RIO DE JANEIRO, BRAZIL – Internet and cellular networks are robust and widespread, but they cannot be relied upon. When we need it most, access to the Internet and telephone can quickly be interrupted by natural disasters or government intervention. The risk of being cut off from essential communications poses a threat to the safety and efficiency of communities.
The authors of the Mycelium Mesh Project want to create a mesh network that is easy to install after a possible disruption of Internet service and even during a power outage, preparing for when the government or a disaster disrupts network coverage.
Since 2019, 45 countries have shut down the internet 239 times, according to the internet research firm Top10VPN.
Mesh networks, a form of intranet distributed across various nodes rather than a central internet provider, have the potential to decrease our collective reliance on telecommunication conglomerates.
Nonprofits, like NYC Mesh, are increasingly offering relatively affordable internet alternatives by installing mesh nodes at people’s homes, which then connect to “supernodes” and the Internet at large. One such network was set up at an encampment outside city hall in New York City during the height of last summer’s protests against police violence.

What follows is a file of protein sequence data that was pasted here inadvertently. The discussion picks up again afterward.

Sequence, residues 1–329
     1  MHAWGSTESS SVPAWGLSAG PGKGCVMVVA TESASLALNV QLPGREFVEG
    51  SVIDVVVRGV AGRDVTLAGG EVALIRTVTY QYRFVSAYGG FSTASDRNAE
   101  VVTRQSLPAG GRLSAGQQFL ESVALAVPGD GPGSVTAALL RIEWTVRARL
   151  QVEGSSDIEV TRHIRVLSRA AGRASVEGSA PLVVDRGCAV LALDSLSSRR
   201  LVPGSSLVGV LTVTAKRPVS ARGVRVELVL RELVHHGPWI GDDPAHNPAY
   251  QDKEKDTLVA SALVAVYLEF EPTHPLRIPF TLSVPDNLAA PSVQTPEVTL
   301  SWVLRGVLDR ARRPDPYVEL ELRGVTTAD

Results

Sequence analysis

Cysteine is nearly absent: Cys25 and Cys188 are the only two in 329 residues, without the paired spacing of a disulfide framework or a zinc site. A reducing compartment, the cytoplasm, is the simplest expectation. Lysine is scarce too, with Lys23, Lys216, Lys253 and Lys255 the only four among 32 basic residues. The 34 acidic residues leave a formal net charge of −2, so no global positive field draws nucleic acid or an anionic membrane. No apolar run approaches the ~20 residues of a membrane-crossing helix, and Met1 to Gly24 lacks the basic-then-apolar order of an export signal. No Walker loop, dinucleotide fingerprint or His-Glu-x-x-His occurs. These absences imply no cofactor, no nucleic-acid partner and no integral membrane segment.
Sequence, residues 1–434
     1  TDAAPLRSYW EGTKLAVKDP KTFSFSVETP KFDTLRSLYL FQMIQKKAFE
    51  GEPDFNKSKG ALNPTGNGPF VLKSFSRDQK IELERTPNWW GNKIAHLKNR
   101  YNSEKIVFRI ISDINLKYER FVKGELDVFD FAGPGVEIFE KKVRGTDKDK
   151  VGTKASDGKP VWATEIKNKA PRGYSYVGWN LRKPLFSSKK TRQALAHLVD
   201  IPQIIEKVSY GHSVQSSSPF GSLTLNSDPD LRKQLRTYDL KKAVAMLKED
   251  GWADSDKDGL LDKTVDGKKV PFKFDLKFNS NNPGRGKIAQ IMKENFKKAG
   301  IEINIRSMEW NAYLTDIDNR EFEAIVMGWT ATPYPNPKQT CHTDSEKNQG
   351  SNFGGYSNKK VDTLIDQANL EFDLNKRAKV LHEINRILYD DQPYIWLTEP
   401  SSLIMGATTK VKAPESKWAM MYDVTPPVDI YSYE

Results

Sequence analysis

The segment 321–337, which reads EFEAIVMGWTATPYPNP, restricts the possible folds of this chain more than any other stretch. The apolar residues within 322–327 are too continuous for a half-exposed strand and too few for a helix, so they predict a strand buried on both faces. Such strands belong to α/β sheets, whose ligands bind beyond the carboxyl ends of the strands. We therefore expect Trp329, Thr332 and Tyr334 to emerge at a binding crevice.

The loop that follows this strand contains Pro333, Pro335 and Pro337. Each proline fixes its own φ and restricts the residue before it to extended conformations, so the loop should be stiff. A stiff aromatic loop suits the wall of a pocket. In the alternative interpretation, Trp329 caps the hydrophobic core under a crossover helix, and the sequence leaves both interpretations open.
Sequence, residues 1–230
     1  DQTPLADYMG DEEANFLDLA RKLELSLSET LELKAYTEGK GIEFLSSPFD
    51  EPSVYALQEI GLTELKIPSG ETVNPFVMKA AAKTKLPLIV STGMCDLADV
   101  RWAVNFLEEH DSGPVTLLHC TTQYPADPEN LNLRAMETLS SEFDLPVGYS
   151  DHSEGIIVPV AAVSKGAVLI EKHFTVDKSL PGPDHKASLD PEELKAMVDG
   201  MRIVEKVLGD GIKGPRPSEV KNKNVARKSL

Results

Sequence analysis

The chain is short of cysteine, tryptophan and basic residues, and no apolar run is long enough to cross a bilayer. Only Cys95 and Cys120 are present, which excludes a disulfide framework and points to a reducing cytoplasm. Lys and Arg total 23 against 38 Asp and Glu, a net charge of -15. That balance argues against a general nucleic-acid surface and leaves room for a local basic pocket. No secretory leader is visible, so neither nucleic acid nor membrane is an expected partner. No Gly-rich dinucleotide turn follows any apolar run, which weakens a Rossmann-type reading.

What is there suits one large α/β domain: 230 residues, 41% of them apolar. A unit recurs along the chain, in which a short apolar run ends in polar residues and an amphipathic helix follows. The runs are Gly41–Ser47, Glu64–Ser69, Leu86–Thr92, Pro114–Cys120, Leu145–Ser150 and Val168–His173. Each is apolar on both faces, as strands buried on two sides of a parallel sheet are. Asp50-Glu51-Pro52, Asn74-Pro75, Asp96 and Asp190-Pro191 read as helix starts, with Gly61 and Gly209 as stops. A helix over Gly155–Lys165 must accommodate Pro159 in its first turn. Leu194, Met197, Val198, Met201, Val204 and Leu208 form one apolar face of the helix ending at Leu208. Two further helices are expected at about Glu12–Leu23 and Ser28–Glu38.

These nodes can be configured based on low-cost and locally available components. The idea is that these transmitting devices can be quickly installed by placing them in abandoned buildings, trees, and lampposts.
During the first test, which took place in Atlanta in the U.S. state of Georgia, the group successfully exchanged text messages with devices up to 42 kilometers away. This was done using nodes powered by the batteries of disposable vaporizers.
Currently, project participants are looking for C++ programmers and mobile application developers to work on essential features of the future network, such as traffic encryption.
They note that it is a nonprofit initiative based on an open-source software model to encourage collaboration.
HERE’S HOW IT WORKS
An off-grid radio network for digital messaging in a region or metropolitan area using LoRa transceivers and ESP32 microcontrollers. The network consists of solar-powered relay nodes placed in public places and high-altitude locations.
People carry peer nodes with them or keep them in a building, house, or vehicle, through which they can send and receive messages using their phone. Mycelium works entirely independently of the power grid and operates even when there is no cell phone, SMS, Internet, or even electricity.
A mesh network is a local network topology in which the infrastructure nodes connect directly, dynamically, and non-hierarchically to as many other nodes as possible and cooperate to efficiently route data from/to clients.
This lack of dependency on one node allows for every node to participate in the relay of information. Mesh networks dynamically self-organize and self-configure, which can reduce installation overhead.
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